US Code, Title 17, Chapter 1, Section 101: “The term ‘‘financial gain’’ includes receipt, or expectation of receipt, of anything of value, including the receipt of other copyrighted works.”

The NET Act directly links copyright infringement to physical-space theft, specifically shoplifting. The boundaries of criminal copyright infringement were signficantly expanded by the NET Act, and the penalties associated with it (in extreme cases up to $3,000,000 in fines and a year in Federal prison). Note that the NET Act also defines a link between the illegal distribution of copyrighted materials and the act of trafficking in counterfeit goods and services. In other words, piracy. Again, my intent is not to be a real killjoy about this. But we need to make sure that we are not fooling ourselves by thinking that copyright infrongement is OK and is an acceptable action. Copyright infringement is a criminal act. It is illegal. Federal law considers it theft. It is not right.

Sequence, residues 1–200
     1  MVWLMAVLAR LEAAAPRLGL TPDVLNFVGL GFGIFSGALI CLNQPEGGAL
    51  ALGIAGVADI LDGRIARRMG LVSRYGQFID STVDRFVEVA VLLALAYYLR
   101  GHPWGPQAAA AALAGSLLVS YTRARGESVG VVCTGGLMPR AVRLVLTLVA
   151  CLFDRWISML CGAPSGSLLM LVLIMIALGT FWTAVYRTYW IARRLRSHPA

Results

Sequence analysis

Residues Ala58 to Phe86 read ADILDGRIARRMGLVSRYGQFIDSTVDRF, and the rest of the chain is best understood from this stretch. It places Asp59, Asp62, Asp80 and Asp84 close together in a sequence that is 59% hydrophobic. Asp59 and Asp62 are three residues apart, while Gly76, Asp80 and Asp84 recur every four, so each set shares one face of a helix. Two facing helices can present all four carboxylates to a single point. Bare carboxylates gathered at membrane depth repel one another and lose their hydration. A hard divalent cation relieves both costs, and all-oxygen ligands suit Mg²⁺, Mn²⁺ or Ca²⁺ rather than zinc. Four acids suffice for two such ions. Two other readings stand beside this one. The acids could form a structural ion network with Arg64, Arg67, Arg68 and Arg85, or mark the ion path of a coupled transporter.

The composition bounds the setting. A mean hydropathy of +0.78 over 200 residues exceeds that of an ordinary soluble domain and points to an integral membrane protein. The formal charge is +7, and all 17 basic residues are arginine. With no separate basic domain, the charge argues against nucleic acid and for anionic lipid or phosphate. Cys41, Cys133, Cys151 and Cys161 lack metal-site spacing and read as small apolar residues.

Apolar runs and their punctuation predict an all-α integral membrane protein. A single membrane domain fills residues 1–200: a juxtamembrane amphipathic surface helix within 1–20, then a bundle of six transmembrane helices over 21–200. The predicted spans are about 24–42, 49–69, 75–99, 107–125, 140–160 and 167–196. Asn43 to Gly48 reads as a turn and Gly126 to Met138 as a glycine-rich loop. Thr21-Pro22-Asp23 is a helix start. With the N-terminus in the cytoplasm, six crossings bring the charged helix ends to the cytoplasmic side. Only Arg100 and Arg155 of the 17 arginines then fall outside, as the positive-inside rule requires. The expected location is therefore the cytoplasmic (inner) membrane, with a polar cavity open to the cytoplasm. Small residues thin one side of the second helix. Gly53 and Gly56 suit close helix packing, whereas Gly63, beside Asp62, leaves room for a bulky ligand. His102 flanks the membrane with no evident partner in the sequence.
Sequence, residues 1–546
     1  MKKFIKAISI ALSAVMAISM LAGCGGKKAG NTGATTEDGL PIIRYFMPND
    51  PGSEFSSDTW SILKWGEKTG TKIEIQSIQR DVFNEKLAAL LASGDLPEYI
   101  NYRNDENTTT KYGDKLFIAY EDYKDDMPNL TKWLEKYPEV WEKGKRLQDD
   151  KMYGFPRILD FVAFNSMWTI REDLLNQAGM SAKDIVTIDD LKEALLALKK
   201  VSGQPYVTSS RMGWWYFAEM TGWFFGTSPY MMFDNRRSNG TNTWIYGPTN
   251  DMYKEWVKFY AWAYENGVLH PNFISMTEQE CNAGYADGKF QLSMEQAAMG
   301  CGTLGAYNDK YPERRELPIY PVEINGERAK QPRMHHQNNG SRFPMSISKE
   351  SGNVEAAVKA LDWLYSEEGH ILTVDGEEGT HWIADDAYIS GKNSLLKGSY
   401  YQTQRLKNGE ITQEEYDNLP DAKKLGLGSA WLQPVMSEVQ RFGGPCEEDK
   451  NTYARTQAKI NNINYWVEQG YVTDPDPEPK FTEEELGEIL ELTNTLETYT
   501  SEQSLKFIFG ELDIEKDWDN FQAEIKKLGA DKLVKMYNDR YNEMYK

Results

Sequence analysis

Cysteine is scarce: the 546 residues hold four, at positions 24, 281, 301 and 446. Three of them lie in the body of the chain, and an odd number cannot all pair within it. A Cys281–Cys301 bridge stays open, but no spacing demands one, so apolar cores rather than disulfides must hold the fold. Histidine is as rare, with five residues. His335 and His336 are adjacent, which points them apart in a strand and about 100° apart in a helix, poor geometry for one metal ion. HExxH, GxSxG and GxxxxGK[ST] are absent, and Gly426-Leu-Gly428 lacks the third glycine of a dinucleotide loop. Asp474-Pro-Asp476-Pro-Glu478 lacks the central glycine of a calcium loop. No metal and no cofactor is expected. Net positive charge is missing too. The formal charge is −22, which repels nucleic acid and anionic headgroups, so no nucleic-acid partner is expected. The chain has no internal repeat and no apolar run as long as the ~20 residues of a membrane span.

But just as important, part of our purpose here is to set an example of professional behavior. Professionals understand and honor the value of intellectual property and the the work of others, and respect that work by not stealing it. Do I think that PBS is going to try to put someone in jail for a year just because you watch one issue of NewsHour in a less than honest fashion? Probably not. But you do have to be honest with yourself about what it means when you do something like this, and whether you are behaving in an honorable manner that is representative of the values and ethics you stand for.


From Phil Shapiro, in the DC Robotics message group:


You digg (or vote approval of an item submitted to digg) by clicking on the
words “digg this” underneath the number to the left of the story.

Registering for a digg account is free.